This Dog Weight Chart Can Help Determine Your Dog's Healthy Weight and Body Condition

The number on the scale might not be the best indicator of your dog's healthy size.

dachshund on leash; how to determine your dog's healthy weight
Photo: SeventyFour / Getty

Wouldn't it be easy if you could just weigh your dog and know instantly that she was just the right weight, just the right size, and perfectly healthy? Unfortunately, it doesn't work that way.

If you own a purebred dog, the American Kennel Club does offer an extensive weight chart for male and female adult dogs by breed. You can use general numbers to estimate how big a new purebred puppy might get. Bear in mind that even a pound or two in certain pure breeds can look different and significantly impact health even when in the 'appropriate range.' And if you've got one of the country's millions of mixed-breed dogs, dog weight calculators and charts are only so helpful.

"It's really difficult to know a healthy weight for a dog with just the scale," says Lori Prantil, MPS, DVM, who counsels pet owners on nutrition at VCA South Shore Weymouth. "There are so many different breeds, and so many mixed breeds."

Veterinarians don't judge a dog's healthy weight with one number. They also use body condition scoring and muscle condition scoring to figure out whether your beloved pooch is carrying too little or too much fat on her body or whether her muscles are starting to lose mass and definition.

Assessing your dog's healthy weight starts with regular visits to the vet (Prantil recommends twice a year). Your careful attention over time to how your dog's weight or body condition changes is also crucial.

Dog Weight Chart: Where Is Your Pup on the Scale?

Your dog's weight and body shape can have a big impact on their overall health. Use this dog weight chart to see what your dog's body should look like at an ideal body condition and size.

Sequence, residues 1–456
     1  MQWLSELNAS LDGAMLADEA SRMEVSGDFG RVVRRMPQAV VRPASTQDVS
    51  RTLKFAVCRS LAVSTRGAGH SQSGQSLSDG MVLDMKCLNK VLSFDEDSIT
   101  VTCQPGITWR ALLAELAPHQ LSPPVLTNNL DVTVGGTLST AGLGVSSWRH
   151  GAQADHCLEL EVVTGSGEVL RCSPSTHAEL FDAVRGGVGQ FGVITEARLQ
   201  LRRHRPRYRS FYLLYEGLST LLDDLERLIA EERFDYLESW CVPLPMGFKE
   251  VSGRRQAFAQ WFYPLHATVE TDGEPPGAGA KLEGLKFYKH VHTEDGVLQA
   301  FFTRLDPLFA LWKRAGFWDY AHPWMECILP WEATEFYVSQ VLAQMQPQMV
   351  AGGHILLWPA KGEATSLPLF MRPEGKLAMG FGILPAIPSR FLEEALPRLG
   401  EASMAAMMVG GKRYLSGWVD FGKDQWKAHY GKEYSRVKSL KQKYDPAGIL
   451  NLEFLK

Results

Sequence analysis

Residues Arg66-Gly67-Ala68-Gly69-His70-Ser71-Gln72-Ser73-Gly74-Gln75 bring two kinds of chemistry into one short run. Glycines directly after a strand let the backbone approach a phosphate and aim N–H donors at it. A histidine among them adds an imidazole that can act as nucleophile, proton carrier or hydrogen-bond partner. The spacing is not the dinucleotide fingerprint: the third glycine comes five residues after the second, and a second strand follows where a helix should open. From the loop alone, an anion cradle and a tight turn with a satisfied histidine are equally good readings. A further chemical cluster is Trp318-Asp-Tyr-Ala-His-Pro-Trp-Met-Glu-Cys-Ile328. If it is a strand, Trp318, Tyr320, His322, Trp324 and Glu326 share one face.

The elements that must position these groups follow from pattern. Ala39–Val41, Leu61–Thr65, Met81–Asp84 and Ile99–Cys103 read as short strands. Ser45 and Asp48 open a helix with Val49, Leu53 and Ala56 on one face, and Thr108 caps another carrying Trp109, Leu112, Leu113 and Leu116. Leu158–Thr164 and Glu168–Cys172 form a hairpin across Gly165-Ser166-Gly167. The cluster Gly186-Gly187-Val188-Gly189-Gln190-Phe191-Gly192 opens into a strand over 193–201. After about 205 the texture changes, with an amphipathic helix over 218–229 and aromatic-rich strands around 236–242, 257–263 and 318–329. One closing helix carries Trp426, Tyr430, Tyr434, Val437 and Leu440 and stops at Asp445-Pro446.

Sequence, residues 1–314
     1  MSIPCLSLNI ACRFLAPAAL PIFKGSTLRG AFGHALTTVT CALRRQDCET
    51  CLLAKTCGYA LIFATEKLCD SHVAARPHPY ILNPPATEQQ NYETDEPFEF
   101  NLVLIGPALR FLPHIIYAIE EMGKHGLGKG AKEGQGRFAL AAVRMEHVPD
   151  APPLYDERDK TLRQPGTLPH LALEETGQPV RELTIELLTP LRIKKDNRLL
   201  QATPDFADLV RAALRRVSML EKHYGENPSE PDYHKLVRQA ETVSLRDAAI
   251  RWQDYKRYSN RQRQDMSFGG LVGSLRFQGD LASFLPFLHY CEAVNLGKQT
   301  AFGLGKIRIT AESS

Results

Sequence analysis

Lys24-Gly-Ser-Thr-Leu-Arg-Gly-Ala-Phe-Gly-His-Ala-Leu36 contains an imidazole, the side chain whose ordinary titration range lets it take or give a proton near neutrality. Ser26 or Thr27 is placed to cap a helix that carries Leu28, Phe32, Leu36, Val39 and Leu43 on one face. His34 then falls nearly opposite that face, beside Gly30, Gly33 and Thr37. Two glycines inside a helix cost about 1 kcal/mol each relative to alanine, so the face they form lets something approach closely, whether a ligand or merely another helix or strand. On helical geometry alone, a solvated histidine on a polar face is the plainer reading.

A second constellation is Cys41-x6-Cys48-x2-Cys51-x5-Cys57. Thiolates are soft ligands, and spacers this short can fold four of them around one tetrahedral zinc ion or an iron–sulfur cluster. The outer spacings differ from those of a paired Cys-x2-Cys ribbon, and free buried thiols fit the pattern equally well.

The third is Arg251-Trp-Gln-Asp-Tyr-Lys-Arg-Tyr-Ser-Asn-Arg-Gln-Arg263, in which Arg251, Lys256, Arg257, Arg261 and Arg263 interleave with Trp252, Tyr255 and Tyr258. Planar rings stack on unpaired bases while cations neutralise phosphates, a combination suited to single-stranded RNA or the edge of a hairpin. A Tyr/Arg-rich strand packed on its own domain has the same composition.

Dog healthy bodyweight chart
Daily Paws / Caitlin-Marie Miner Ong

Severely Underweight

  • Your dog looks bony from a distance
  • Ribs, lumbar vertebrae (lower back bones) and pelvic (hip) bones can be seen under the skin
  • Body fat isn't discernible under the skin
  • Loss of muscle mass is obvious


  • Your dog's ribs are easily felt and may be visible under the skin
  • Body fat may not be felt under the skin
  • Some other bony spots may be seen under the skin
  • From above, the waist (behind the ribs) is obvious
  • From the side, the abdomen is significantly tucked up (rather than running straight back to the legs)

Ideal Weight

  • Your dog's ribs are easily felt without excess fat covering them (may or may not be visible)
  • From above, the waist can be seen behind the ribs
  • From the side, the abdomen is tucked up and does not run straight back to the legs


  • Your dog's ribs can be felt with difficulty with fat covering them
  • Noticeable fat deposits over the base of the tail and lumbar area (between pelvic bone and ribs on back)
  • Your dog's waist is absent or barely visible
  • Abdominal tuck may be present

Severely Overweight

  • Your dog has massive fat deposits over the thorax (from the neck to the abdomen), the spine, and the base of the tail
  • Waist and abdominal tuck are absent
  • Fat deposits are visible or can be felt under the skin on your dog's neck and legs
  • Your dog's abdomen is obviously distended and hanging

What Should You Do If Your Dog Isn't Their Ideal Weight?

If you've assessed your dog's body condition and weight and suspect she may be either overweight or underweight, there are steps you can take to get her on the right path to improved health. To start, it's always good to talk with your veterinarian. They will provide guidelines on how many calories to feed your dog by calculating caloric needs based on weight or by following the recommended daily calorie intake based on weight categories. Many hospitals have specific programs or staff to help your pets safely gain/lose weight over the course of weeks to months. As always, consulting with your vet on the best course of action for your individual dog is ideal.

For Underweight Dogs

For an underweight dog, explore common reasons why your pup may be underweight and follow your vet's tips to increase calorie intake, which might include increasing portion sizes, adjusting meal frequency, and/or trying a higher-calorie food.

For Overweight Dogs

For an overweight dog, in addition to slowly increasing exercise and play in her daily routine, reel in the treats and snacks (and definitely human food), then learn how to estimate how many calories you need to restrict in her diet while following tips to help her lose weight in a healthy way.

Whether your dog is under or overweight, by adjusting calories, adopting vet-approved healthy ways to increase or decrease their weight—and a little patience—you should see your pup's well-being improve with time.

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